Flight, June 1939
STANDARD SAILPLANE for OLYMPIC GAMES
THIS year, for the first time, gliding is included as one of the competitions in the Olympic Games, which are to take place in Finland this summer.
It was considered necessary to evolve
a standardised type of sailplane in this competition, and, after the F.A.I. had drawn up the requirements, Germany, Italy and Poland submitted five different types, which were tested by well-known pilots. After analysing the result the F.A.I. decided to adopt the "DFS-Meise," designed and constructed by Hans Jacobs, chief engineer of the Darmstadt Gliding Institute.
The machine is a high-wing cantilever of 15 m. (49ft. 4in.) span and 15 sq. m. (161 1/2 sq. ft.) wing area. Both fuselage and wing are fairly conventional. The wing spar is of double T section and the forward covering is of plywood, the rear being covered with fabric. The inner wing is of Gottingen 549 section, while the outer section is Gottingen 676.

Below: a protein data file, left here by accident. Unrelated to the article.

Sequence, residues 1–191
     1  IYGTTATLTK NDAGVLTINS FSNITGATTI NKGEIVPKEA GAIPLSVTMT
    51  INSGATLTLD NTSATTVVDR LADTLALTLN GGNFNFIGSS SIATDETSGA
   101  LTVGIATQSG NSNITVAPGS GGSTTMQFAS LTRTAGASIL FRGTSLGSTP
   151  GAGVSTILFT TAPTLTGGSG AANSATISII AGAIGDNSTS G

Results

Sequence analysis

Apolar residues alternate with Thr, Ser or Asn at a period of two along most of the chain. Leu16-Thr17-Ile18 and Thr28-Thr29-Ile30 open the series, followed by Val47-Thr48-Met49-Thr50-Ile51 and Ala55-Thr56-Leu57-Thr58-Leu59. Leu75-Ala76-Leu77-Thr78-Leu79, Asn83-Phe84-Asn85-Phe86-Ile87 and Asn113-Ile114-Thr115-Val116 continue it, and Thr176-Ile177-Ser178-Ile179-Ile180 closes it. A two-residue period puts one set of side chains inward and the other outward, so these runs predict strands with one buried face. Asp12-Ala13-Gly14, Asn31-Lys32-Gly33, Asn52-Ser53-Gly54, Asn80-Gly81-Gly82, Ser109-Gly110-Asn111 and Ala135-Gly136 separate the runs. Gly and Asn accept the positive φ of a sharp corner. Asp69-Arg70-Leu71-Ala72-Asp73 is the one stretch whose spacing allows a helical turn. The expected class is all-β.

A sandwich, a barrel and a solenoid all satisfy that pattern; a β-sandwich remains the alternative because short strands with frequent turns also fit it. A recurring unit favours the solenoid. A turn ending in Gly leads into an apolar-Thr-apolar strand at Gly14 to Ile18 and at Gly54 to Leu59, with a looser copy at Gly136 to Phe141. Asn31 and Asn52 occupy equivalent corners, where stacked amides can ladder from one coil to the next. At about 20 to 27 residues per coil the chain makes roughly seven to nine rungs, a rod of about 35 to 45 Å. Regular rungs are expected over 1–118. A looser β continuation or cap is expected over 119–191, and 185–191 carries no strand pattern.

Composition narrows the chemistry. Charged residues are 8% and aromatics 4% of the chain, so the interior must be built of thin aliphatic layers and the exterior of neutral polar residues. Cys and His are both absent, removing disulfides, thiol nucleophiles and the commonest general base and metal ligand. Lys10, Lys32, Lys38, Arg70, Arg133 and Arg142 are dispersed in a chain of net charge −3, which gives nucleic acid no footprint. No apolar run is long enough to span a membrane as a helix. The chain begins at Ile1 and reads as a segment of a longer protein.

A particularly neat feature is the arrangement of the spoilers for steepening the gliding angle. As will be seen from the sketch, a simple system of levers extends them both above and below, the wing, in which they normally lie completely flush.
Test flights have given a gliding angle of 1 in 25, a sinking speed of 0.67 m/sec. (132ft./min.) and a stalling speed of 50 km/hr. (31 m.p.h.).